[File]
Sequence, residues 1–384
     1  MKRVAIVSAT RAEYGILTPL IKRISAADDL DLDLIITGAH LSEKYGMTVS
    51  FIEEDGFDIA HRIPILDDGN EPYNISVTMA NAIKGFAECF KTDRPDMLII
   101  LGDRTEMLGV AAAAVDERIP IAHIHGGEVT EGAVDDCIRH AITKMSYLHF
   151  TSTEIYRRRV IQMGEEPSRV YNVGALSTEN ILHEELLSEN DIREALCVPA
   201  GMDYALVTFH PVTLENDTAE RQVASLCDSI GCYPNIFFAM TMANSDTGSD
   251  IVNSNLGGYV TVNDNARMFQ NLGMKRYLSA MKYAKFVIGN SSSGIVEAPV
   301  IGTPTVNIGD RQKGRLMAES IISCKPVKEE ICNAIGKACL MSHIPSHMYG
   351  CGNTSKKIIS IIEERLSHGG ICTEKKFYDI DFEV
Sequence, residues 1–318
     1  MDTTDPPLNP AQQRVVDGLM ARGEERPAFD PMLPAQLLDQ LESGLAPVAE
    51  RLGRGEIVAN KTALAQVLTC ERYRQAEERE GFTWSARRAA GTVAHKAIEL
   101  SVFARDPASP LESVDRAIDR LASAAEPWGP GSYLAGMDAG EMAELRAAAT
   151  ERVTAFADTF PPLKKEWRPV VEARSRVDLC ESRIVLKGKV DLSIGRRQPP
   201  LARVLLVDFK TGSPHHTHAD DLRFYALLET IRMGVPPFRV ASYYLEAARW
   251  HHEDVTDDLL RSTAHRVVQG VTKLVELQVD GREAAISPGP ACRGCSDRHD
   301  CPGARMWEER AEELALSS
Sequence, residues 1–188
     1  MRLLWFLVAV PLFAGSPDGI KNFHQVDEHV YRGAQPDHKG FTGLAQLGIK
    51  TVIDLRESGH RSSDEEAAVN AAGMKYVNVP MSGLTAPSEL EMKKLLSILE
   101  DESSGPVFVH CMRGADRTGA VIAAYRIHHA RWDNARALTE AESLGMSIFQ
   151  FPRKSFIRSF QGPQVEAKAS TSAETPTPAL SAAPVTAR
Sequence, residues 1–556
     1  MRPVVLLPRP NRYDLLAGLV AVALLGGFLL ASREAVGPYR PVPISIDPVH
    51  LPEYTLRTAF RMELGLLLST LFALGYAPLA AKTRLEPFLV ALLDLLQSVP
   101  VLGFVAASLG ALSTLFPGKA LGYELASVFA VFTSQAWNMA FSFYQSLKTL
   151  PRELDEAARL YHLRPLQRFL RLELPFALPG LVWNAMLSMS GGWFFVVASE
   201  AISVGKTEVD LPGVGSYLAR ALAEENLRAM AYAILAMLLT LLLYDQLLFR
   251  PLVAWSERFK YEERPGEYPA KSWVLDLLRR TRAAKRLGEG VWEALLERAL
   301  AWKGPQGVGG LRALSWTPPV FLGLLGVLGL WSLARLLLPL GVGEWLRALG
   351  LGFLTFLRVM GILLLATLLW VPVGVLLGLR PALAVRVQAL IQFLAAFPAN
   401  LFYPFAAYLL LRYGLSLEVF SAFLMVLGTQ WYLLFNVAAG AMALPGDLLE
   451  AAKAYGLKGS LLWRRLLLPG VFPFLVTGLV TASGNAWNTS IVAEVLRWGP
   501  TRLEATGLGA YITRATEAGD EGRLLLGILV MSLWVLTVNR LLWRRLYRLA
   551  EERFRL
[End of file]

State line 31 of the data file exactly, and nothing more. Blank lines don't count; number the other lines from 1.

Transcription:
   351  LGFLTFLRVM GILLLATLLW VPVGVLLGLR PALAVRVQAL IQFLAAFPAN